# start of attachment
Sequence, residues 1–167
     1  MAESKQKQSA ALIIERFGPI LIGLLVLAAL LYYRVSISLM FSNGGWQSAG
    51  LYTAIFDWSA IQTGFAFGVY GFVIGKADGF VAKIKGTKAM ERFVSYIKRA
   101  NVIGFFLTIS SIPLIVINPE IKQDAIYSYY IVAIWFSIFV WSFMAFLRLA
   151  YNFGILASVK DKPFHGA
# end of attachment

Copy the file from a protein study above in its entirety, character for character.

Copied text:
Sequence, residues 1–167
     1  MAESKQKQSA ALIIERFGPI LIGLLVLAAL LYYRVSISLM FSNGGWQSAG
    51  LYTAIFDWSA IQTGFAFGVY GFVIGKADGF VAKIKGTKAM ERFVSYIKRA
   101  NVIGFFLTIS SIPLIVINPE IKQDAIYSYY IVAIWFSIFV WSFMAFLRLA
   151  YNFGILASVK DKPFHGA